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Wednesday, December 22, 2010

Papermill Housing Development Asks For Two Year Extension

Recession Blamed:
Developer Seeks Two Year Extension On Already Approved Project

Tuesday night, the city council approved a development extension to Archstone-Smith Inc, a Colorado based Real Estate Investment Trust to start building an already approved housing project at the corner of Hollis and Powell Street.  The developer claimed the recession has made building the project, dubbed Papermill,  too expensive at this time and the council granted a two year extension on the contract.  The vote was 3-0; Ruth Atkin was absent and Jennifer West recused herself and abstained from voting since she lives closer than 500 feet from the proposed project.

This building on Powell Street will be demolished
Council member West left the dais but spoke as a private citizen and she said the proposed project is flawed since there are only six three bedroom units in the 166 unit development.  Ms West said the city needs to get serious about providing family friendly housing especially in light of the looming schools rebuild mandated by the recent voter approved Measure J.   Council member Nora Davis took issue with Ms West's assessment calling the proposed housing "family friendly already".

The developer has already used up one extension since the project was approved in November 2008.  The approval proved contentious at the time since it involves the tearing down of two brick buildings, one of which was classified as "architecturally significant" by the city's general plan.  The plan specified the building was not to be substantially changed.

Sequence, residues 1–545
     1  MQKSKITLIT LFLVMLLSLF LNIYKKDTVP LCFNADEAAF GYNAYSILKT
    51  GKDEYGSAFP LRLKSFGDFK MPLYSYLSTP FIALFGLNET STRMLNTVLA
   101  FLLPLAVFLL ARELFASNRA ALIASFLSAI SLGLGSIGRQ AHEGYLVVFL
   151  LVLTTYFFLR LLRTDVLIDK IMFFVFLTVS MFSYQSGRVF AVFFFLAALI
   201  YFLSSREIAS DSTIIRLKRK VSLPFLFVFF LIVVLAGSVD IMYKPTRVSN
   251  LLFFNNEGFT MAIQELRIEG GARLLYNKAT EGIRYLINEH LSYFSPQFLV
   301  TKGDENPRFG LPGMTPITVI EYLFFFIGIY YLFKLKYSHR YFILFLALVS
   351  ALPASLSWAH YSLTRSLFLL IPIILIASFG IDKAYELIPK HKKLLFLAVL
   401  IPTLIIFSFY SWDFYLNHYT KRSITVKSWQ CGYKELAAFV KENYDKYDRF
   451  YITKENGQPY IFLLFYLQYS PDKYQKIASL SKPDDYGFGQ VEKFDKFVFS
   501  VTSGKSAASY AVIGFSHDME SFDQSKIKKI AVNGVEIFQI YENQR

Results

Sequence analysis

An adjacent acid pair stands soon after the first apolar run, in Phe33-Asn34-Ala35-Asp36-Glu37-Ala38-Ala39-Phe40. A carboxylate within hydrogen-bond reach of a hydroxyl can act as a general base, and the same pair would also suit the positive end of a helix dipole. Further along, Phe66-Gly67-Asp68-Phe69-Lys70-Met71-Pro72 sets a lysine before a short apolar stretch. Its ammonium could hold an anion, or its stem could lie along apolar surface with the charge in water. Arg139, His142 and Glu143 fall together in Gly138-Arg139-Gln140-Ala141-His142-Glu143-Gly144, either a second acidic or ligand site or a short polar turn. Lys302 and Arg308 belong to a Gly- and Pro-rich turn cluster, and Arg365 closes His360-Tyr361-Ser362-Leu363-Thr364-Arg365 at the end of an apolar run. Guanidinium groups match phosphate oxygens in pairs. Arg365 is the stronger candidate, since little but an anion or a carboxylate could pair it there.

The city received an October 15 letter from a company representative asking for another extension, claiming it is still interested in building the project but is having difficulty financing it.


  1. One of those brick buildings will not be completely demolished. Three of the facades will be preserved.

  2. Why isn't the Alameda Historical Society involved in this?

  3. Note to readers:
    The first commenter is correct (sort of). Part of three exterior walls will be left. The roof will be removed and added on by several stories. Since the majority of the building will be demolished, a demolition permit is necessary. It is considered a demolition. The qualities that make the building "architecturally significant" (to use the city's own definition) will be demolished. The other building will have nothing left. This is being done in opposition to the General Plan.

  4. it seems like perfectly good building to me. I'd just leave it as is.

  5. Family friendly housing in Emeryville?
    There's not enough money in that, lets be real here.